Schedule conflicts with actors has became an increasingly big headache in the past week. I had a date scheduled to film a specific scene. I had the location set, all equipment needs taken care of and all schedules aligned. 48 hours before filming, I learned from another crew member that one of my actors would be out of town on that date and had not bothered to tell me. To say that I was frustrated would be an understatement. If anything, producing a short film has been a valuable experience in dealing with more right-brained actor types. The ability to tactfully over-communicate is a valuable skill.
For the last three months, I have been creating a script for a short film. Several late nights have been spent tweaking words and envisioning scenes. The basic plot of the movie involves a girl who is forced to question the nature of reality after an accident leaves her imprisoned inside of her own mind.
Production has gone smoothly so far. I was able to make arrangements to shoot video in a hospital, and with the exception of the actors not bringing in the correct clothing, filming has been just peachy. Casting went off without any trouble, and two scenes have already been filmed in entirety. We're right on schedule to be in post production by second semester.
Every year in Broadcast Technology 2, Mr Goble whips up a fresh idea for his final project. Apparently, it's always something completely out of the blue. This year, we had to make a 6-shot film that corresponds to a 6-word story about our lives.
Mirroring Hemmingway's famous challenge to write a story with only 6 words, we had to tell a story about our lives with only 6 shots. Luckily for me, I have a 6-word story on standby in case a teacher thinks hes clever and assigns me to write one. It's tried and true. "The Straight-A Student, Secretly Rebellious". The only chalenge now was to get this story onto the screen. A quick storyboarding later, and I was ready to go.
The only issue that I ran into was a glitch with the autocorret. The 4th shot, which is a super tight of my shoes as I walk in the door, caused the camera to absolutely freak out. The ground appeared that it was boiling, switching in and out of focus every frame. I had to reshoot, but luckily I was still able to wrap everything up with ample time remaining. Onwards and upwards.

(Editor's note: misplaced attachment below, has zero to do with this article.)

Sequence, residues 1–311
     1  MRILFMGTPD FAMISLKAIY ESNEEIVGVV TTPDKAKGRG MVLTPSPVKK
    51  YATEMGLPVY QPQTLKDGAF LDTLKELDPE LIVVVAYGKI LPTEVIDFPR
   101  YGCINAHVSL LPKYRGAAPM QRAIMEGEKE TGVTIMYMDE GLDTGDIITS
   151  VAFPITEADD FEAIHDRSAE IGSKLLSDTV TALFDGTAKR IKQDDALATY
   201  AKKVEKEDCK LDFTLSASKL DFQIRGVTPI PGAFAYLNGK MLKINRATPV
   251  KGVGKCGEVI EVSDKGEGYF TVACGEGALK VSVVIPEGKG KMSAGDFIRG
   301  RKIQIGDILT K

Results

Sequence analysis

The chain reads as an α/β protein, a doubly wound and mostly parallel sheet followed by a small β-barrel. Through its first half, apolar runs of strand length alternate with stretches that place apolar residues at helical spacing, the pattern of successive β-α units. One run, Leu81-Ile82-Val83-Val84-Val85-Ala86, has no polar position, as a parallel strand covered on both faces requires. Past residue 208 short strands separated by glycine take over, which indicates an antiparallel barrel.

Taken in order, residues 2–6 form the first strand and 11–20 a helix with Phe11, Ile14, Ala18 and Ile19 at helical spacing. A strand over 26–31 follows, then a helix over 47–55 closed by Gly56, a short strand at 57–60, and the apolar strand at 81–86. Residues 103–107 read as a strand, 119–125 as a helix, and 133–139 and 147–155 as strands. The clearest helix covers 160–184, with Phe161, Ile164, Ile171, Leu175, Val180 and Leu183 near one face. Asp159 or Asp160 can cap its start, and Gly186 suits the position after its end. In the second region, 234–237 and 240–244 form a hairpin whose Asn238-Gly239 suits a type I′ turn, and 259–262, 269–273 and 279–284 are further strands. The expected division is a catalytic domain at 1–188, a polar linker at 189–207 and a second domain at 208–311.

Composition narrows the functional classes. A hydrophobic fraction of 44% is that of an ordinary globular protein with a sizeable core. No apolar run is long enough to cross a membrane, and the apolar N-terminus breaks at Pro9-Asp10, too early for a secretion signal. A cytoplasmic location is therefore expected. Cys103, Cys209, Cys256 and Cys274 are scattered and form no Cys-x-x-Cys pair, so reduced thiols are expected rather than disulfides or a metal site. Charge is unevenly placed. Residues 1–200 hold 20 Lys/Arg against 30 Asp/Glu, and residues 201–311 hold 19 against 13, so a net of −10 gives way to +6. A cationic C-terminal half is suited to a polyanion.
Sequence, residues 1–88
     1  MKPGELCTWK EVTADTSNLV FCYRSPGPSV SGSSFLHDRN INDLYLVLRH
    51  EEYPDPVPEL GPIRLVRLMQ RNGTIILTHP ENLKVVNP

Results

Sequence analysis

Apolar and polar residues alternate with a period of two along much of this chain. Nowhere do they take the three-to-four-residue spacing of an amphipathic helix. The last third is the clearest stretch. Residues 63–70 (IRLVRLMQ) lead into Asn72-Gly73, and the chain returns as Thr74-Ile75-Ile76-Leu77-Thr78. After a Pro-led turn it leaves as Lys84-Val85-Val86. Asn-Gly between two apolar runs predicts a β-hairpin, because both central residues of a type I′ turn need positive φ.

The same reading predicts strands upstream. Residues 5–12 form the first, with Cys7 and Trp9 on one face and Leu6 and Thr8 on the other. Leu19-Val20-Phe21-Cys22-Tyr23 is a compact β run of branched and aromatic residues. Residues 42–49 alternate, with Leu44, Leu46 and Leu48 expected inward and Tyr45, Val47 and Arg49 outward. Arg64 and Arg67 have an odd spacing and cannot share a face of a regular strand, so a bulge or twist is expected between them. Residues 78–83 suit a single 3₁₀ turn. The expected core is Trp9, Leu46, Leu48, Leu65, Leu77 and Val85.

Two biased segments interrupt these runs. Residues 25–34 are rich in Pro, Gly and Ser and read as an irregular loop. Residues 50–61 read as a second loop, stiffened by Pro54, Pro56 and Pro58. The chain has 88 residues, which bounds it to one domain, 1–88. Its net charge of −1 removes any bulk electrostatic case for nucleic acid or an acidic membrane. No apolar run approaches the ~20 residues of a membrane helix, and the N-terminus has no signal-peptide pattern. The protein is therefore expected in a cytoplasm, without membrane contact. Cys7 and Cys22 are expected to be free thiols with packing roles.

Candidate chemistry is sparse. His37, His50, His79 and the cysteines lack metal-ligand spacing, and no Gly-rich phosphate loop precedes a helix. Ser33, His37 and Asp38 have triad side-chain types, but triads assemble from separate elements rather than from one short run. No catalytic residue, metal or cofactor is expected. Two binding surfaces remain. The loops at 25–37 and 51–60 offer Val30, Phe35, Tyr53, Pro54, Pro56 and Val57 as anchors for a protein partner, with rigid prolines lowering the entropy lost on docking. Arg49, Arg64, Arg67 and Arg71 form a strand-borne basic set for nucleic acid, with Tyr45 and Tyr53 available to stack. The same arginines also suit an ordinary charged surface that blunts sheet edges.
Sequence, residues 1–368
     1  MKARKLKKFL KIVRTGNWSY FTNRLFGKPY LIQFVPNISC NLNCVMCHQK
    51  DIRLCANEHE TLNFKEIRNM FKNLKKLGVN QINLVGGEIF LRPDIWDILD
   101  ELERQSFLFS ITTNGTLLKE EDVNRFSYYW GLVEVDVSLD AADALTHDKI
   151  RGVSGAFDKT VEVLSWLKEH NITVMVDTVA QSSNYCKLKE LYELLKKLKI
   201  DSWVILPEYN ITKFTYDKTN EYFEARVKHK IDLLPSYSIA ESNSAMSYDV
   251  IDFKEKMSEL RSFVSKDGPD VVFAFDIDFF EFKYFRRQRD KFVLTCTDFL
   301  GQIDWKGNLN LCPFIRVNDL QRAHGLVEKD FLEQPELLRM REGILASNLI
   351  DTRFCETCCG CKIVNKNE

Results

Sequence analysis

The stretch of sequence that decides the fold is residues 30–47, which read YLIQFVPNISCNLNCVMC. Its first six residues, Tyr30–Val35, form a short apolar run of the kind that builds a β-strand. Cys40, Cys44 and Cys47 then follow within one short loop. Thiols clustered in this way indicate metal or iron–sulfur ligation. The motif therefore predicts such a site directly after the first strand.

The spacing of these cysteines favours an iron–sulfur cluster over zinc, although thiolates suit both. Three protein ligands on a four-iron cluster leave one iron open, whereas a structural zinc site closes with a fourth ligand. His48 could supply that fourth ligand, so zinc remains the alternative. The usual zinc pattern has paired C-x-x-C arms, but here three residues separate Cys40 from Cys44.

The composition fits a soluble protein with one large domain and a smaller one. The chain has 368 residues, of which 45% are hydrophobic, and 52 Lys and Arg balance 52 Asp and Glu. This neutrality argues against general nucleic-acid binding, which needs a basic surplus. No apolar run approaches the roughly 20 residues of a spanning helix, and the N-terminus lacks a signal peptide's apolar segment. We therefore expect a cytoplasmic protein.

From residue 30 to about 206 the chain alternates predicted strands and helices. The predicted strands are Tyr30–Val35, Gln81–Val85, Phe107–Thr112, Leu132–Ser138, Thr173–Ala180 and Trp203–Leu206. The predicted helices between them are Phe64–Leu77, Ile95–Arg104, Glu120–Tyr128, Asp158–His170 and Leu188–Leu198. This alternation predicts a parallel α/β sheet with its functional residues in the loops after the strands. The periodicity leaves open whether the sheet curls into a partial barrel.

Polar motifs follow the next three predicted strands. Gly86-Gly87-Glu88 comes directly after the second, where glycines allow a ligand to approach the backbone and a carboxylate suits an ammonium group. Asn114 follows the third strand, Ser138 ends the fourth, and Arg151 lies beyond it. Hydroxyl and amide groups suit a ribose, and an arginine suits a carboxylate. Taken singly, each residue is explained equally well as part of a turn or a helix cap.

Does this count as breaking the 4th wall?
I'd like to consider myself a somewhat outgoing person. I try not to let myslef be anhibited too much by unfirmiliar social situations. But let me tell you, being dropped in a room with a half dozen people twice my age with no introduction was AWKWARD. This wasn't helped by the fact that I was shoving a camera in their faces and demanding soundbites. To their credit, all of the HEC TV cast and crew did their best to humor me. They let my trapse around their setup, filming interesting bits and collecting interveiws. Perhaps I took advantage of this a little too much, I finished with hours of B roll and interveiws that needed to be edited.So many choices of buttons to click
It always seems that even when I have enough B roll to fill a small house, I still never have the right kind. Sometimes, I have to just get a little creative and pair a sound bite with some viduals that don't match. This lady is talking about how hard it is to market the TV station. I've got 7 medium shots of the two anchors at the desk, 5 shots of the meteorologist at the green screen, and a handful of shot with techies plugging in equipment. It's impossible to go out and collect more shots, HEC TV has packed up and left. Just gotta make do with what you have, I suppose.Better get that shot lined up perfectly
Even with a few awkward silences and speedbumps in the editing room, I was still happy with my end product. The sound was bad at times, the framing wasn't perfect, but when it was all said in done, I think that I had a video that is both informative and (somewhat) entertaining. Solid B+ work.